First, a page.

6. Chase, A. (1988, November). Scientific breakdown: The cultural weakness behind our ecological failures. Outside, pp. 45–47.Google Scholar
  7. Chawla, L. (2003). Bonding with the natural world: The roots of environmental awareness. NAMTA Journal, 28(1), 133–154.Google Scholar
  8. Christofferson, B. (2004). The man from Clear Lake: Earth Day founder Gaylord Nelson. Madison, WI: University of Wisconsin Press.Google Scholar
  9. Disinger, J. F. (1985). What research says: Environmental education’s definitional problem. School Science and Mathematics, 85(1), 59–68.CrossRefGoogle Scholar
  10. Disinger, J. (2001). K-12 education and the environment: Perspectives, expectations, and practice. The Journal of Environmental Education, 33(1), 4 –11.CrossRefGoogle Scholar
  11. Drummond, A. (1995). Enos Mills: Citizen of nature. Boulder, CO: University of Colorado Press.Google Scholar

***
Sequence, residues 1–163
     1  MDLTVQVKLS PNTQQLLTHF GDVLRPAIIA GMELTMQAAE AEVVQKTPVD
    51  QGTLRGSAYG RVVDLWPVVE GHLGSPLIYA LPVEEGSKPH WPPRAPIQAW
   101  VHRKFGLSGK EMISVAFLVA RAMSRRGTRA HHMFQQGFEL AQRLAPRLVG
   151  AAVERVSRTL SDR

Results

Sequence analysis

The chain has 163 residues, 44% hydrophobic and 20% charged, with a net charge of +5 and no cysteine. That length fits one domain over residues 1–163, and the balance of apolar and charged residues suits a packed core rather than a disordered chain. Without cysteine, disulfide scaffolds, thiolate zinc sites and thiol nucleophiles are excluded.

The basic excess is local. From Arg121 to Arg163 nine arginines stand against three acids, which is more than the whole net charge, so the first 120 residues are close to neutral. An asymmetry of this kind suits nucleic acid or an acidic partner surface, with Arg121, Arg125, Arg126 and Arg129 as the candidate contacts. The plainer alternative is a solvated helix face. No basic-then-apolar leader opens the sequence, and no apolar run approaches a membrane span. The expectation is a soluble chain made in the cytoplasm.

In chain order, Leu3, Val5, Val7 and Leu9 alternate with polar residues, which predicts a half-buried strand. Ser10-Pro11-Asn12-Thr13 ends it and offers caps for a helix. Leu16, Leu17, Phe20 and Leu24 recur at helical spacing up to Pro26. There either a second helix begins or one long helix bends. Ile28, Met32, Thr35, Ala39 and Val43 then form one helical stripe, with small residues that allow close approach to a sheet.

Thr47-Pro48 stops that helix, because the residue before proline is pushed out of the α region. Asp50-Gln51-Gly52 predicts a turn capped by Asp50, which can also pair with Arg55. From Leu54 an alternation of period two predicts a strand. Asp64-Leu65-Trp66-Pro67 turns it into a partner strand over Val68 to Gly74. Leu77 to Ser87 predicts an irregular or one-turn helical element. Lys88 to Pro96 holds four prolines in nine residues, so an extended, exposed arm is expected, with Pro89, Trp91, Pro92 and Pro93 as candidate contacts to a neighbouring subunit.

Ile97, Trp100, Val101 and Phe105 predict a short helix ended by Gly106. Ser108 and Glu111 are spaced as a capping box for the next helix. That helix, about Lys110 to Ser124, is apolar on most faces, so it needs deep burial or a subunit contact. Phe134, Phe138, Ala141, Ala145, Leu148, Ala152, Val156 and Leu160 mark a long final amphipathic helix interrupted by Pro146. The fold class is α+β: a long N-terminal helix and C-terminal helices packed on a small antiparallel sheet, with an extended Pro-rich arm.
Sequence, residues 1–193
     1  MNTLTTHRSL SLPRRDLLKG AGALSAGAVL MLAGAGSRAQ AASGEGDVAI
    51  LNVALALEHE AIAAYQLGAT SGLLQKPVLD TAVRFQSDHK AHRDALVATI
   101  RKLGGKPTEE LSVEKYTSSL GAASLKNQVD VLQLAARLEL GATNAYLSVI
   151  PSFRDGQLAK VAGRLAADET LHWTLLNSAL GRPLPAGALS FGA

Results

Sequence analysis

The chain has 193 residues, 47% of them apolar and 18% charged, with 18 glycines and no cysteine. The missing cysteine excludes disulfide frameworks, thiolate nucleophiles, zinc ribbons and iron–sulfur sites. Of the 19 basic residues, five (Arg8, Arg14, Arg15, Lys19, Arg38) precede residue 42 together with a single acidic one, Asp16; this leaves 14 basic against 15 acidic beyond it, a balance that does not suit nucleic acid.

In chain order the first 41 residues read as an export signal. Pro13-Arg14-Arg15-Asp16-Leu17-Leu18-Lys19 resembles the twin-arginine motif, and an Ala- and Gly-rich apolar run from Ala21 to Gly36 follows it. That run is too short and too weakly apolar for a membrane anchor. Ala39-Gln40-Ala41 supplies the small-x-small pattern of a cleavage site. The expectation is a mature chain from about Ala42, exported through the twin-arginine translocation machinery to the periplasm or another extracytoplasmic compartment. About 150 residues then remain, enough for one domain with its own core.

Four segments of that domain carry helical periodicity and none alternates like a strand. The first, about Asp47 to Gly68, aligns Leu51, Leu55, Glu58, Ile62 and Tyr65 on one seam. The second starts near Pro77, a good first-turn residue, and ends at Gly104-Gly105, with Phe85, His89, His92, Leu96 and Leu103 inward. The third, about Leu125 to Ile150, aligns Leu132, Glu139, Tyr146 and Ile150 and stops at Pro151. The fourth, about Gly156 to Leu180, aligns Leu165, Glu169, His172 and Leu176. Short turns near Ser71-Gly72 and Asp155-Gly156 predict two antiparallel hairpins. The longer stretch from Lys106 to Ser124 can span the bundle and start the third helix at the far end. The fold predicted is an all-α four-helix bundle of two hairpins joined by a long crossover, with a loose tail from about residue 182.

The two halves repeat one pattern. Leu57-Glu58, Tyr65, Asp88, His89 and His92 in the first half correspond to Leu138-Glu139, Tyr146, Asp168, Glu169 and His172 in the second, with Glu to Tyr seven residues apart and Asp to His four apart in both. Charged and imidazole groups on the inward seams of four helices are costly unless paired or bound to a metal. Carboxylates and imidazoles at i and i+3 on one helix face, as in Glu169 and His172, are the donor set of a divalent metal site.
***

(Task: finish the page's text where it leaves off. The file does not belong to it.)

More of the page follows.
12. Environmental Education Act. (1970). P.L. No. 91-516, 84 Stat. 1312.Google Scholar
  13. Finch, L. B. (2008). Legacies of Camelot: Stewart and Lee Udall, American culture, and the arts. Norman, OK: University of Oklahoma Press.Google Scholar
  14. Gottlieb, R. (1995). Beyond NEPA and Earth Day: Reconstructing the past and envisioning a future for environmentalism. Environmental History Review, 19(4), 1–14.CrossRefGoogle Scholar
  15. H.R. 3036, 110th Cong. § 2 (2008).Google Scholar
  16. Hall, S. (2005). Peace and freedom: The civil rights and antiwar movements of the 1960s. Philadelphia: University of Pennsylvania Press.Google Scholar
  17. Hammerman, E. (1979). A Delphi formulation of environmental education objectives (Doctoral dissertation, Northern Illinois University, DeKalb, IL, 1979). Dissertation Abstracts International, 40, 2447.Google Scholar
  18. Hammerman, W. (1980). Fifty years of resident outdoor education 1930-1980: Its impact on American education. Martinsville, IN: The American Camping Association.Google Scholar
  19. Hammerman, D. R., Hammerman, W. M., & Hammerman, E. L. (2001). Teaching in the outdoors (5th ed.). Danville, IL: Interstate Publishers.Google Scholar